Sobh-e Sadeq, a weekly outlet affiliated with the Islamic Revolution Guards Corps (IRGC), has lashed out at European powers for cooperating with Washington on the 2015 Iran nuclear agreement. One of its lead articles on February 26 condemned the “shameless behavior of the European troika” – referring to France, Germany and Britain which are the three signatories of the Iran deal. According to Sobh-e Sadeq, European attempts at renegotiating the Iran nuclear deal makes “the European game indistinguishable from that of America.” Sobh-e Sadeq further emphasized that Iran’s missile capability and “its regional defense capabilities” – a reference to Iran’s military engagement in Syria and the broader region – is one of Iran’s “strategic redlines.” It added that Tehran will also not accept inspection of its military sites. The IRGC outlet urged the government to use Russia and China to counter the pressure from Washington and the EU.
In contrast, Ali Khorram, former Iranian Ambassador to the United Nations, in an interview with Fararu complained: “We are indifferent to European efforts and mostly treat them badly.” He continued: “The British Foreign Minister visits Iran, and he not only leaves empty handed, but is hurled with insults.” Khorram was referring to Boris Johnson’s unsuccessful effort during his visit to Iran in December to free a British-Iranian dual citizen jailed in Iran. Khorram concluded: “Trump is trying to persuade the Europeans to follow his path,… and we have not taken a single positive step forward… We… chased the Europeans into Trump’s arms…”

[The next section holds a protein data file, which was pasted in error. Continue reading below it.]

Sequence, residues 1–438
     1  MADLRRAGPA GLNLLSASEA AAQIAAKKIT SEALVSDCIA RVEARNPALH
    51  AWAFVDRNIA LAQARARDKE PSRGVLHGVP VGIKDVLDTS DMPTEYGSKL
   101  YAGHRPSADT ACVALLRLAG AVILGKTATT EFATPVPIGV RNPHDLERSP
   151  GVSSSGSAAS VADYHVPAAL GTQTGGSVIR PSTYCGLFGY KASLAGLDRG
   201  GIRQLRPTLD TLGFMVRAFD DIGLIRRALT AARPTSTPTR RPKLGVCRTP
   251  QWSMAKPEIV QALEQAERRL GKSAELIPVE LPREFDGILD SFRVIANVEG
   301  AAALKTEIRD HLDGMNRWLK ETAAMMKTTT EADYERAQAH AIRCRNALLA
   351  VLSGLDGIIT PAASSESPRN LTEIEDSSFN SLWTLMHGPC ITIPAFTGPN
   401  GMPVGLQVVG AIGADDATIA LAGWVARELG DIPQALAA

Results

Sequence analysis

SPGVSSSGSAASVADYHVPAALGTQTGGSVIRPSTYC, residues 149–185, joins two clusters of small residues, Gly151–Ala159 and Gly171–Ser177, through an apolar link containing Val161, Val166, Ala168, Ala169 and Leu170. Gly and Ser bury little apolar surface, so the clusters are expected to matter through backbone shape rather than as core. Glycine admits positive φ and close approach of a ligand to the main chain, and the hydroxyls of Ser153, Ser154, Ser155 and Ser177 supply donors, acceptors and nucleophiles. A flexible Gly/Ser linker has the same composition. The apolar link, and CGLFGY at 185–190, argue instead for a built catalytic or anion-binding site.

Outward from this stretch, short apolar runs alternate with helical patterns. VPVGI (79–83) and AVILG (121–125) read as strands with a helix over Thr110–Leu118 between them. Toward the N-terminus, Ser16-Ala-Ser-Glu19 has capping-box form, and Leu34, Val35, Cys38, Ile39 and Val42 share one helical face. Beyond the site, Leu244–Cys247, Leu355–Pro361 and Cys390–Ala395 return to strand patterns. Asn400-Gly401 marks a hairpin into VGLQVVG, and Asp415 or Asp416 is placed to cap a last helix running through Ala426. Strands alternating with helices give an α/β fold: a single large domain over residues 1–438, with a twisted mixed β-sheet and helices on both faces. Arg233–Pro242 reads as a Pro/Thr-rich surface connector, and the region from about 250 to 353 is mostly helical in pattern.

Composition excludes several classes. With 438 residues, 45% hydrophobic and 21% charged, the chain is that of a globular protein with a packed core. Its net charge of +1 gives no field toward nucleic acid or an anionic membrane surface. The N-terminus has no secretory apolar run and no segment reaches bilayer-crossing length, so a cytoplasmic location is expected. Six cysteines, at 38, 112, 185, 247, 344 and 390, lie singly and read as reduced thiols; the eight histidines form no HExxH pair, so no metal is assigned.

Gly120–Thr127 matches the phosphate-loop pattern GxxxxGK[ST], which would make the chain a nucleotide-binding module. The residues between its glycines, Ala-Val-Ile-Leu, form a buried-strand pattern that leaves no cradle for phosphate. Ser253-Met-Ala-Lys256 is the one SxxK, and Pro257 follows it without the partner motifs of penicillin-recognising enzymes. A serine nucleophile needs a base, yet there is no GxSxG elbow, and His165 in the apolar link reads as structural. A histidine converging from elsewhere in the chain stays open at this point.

Comment: The European powers are caught in the crossfire between the United States and Iran. Neither Washington nor Tehran appear to appreciate European powers’ efforts to find a way to preserve the nuclear accord. While President Donald Trump constantly threatens to leave “the worst deal ever” unless it is “fixed,” Islamic Republic authorities oscillate between claiming the Iran nuclear deal is non-negotiable and threatening to leave the deal if Iran does not benefit from it.
Washington and Tehran’s signals, however, must be taken with a grain of salt. After all, President Trump has on two previous occasions certified Iran’s adherence to a deal he, as candidate, promised to declare null and void on his first day in office. President Hassan Rouhani and his technocratic team too can’t walk away from a nuclear deal on which their entire political program and legitimacy at home rests.
The Europeans nevertheless, are engaged in shuttle diplomacy between Washington and Tehran in an attempt to preserve the Iran nuclear deal, but they find little appreciation for their effort in Tehran.
In the not entirely unlikely scenario that Tehran turns its back to the EU’s mediation efforts, and Washington takes actions, which for all practical purposes unravel the Iran nuclear deal, the Islamic Republic may indeed turn to Moscow and Beijing for support. Russia and China, however, pursue their own interests and the regime in Tehran may live to regret ignoring the diplomatic efforts of the Europeans.